Why Is Black History Segregated?
3 months ago
Does a dedicated month stifle integration of our contributions in all aspects of U.S. society?
But the focus during February is typically on the same African Americans--Rosa Parks, Martin Luther King Jr., Frederick Douglass--as if African American history is limited to the accomplishments of these notable few.
“Textbooks have done a better job of including African Americans into U.S. history texts, but this is usually confined to the most famous leaders who have been validated by the U.S. historians and the political establishment. Some leaders are not mentioned because they are considered too radical or controversial,” says V.P. Franklin, a history professor and editor of The Journal of African American History at University of California, Riverside. “Black History Month provides the opportunity to focus on leaders who are often missing, such as Henry McNeal Turner, Marcus Garvey, Ida Wells-Barnett, W. E. B. Du Bois, Paul Robeson, and Malcolm X.”
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For some, the very existence of Black History Month helps feed the notion that African American history isn't American history. Lloyd Marcus, chairman of the Conservative Campaign Committee certainly thinks so:
“I think it is time for Black History Month to end. Rather than focusing on contributions by blacks, educators, the media, and the Democratic Party chose to focus on promoting the lie that blacks are eternal victims of an eternally racist America," says Marcus. “Am I saying to ignore the mistreatment of blacks in American history? Absolutely not. I am simply saying tell the whole story.”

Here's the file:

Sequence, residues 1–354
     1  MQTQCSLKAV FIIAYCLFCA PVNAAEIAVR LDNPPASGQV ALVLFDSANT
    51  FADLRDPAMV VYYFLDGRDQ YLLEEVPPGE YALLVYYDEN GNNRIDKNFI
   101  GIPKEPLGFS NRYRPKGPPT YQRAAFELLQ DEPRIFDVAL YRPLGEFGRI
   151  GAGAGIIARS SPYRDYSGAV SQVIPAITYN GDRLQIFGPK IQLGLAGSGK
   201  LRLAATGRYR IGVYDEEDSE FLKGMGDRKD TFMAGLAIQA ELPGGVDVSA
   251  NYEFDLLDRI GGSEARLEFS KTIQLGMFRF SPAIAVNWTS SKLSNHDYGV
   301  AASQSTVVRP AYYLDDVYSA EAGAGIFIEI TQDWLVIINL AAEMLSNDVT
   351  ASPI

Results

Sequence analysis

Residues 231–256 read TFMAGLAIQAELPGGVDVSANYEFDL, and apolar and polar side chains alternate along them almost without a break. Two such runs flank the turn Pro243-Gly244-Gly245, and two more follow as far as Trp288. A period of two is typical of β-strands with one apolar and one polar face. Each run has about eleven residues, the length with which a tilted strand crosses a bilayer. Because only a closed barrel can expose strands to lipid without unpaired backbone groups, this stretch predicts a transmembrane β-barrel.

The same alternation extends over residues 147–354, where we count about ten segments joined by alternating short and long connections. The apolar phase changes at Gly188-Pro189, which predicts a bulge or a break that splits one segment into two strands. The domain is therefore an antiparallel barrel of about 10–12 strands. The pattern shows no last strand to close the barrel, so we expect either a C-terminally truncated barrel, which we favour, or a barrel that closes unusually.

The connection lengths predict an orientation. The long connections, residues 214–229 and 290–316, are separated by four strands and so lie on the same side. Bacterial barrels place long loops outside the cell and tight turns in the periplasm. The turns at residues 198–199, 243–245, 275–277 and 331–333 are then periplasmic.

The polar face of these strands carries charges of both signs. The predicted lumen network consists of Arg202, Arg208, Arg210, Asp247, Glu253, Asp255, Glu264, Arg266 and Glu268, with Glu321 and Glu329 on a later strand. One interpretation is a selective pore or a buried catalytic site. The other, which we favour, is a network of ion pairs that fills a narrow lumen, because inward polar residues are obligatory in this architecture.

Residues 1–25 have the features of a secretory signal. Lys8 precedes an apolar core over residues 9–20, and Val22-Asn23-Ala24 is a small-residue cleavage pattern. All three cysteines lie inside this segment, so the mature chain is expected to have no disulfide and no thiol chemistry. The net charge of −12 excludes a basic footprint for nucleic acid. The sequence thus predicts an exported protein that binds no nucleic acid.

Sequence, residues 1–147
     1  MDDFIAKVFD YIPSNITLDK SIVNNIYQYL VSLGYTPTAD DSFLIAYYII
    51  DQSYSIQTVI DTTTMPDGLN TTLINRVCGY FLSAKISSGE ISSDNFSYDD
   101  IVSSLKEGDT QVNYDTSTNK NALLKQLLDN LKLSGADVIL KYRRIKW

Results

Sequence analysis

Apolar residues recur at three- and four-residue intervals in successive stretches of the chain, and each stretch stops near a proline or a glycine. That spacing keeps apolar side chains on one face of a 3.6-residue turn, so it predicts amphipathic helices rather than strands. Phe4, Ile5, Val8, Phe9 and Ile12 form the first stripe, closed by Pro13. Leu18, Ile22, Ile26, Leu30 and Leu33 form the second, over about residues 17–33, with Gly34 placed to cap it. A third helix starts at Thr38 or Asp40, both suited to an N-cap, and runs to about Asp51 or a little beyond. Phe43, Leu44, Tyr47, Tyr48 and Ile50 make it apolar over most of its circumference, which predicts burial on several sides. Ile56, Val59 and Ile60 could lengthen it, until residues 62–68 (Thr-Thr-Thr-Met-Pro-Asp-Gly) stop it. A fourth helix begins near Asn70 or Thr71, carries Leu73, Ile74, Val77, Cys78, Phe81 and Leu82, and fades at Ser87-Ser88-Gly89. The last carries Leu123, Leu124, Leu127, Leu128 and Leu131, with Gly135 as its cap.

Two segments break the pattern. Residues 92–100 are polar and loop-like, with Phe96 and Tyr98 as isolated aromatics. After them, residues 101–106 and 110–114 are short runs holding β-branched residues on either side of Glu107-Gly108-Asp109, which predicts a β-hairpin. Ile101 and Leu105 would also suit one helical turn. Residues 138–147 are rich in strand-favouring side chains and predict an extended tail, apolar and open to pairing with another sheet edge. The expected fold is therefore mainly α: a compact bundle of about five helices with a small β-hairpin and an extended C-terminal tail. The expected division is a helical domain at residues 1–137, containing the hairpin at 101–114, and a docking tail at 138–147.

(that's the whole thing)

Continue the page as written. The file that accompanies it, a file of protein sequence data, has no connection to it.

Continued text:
However, the consensus among pundits, activists and historians seems to be that there is yet work to be done in educating not only blacks, but all Americans, about the contributions of people of African descent across the spectrum of life in the U.S. and abroad, and this annual celebration is key to the struggle.
"Black History Month is needed now more than ever because there is a need for the younger generations to be informed about history in general, and African American history in particular," Franklin says. "It allows exposure to past events that shaped the nation and focuses attention on the numerous and varied contributions made to the nation's development by people of African descent."
Michael Coard, a Philadelphia-based attorney and founding member of the Avenging The Ancestors Coalition agrees that dedicating February to our past is still important.
“Black History Month is necessary as long as racism for white America is necessary,” he says. “From 1619-1868 in the colonies and in America, Africans and their descendants were legally designated as chattel, with no history, no culture, and no accomplishments. Black History Month has begun to dispel that myth by exposing the maliciously hidden truth about our glorious past. As soon as the disease of American racism stops, the cure of [Black History Month] can gladly stop.”
The theme for this year’s Black History Month celebration is "At the Crossroads of Freedom and Equality: The Emancipation Proclamation and the March on Washington," a reference to the respective 150th and 50th anniversaries of these two world-changing events. But even as President Barack Obama made his second inaugural speech on January 21, we were reminded that even at this late date, there is still work to be done.
“We hold these truths to be self-evident, that all men are created equal. That they are endowed by their creator with certain unalienable rights, and among these are life, liberty, and the pursuit of happiness,” he said. “Today we continue a never-ending journey to bridge the meaning of those words with the realities of our time. For history tells us that while these truths may be self-evident, they’ve never been self-executing. That while freedom is a gift from God, it must be secured by his people here on Earth.”
Do you think celebrating Black History Month is detrimental to securing our place in American history? Tell us in the Comments!
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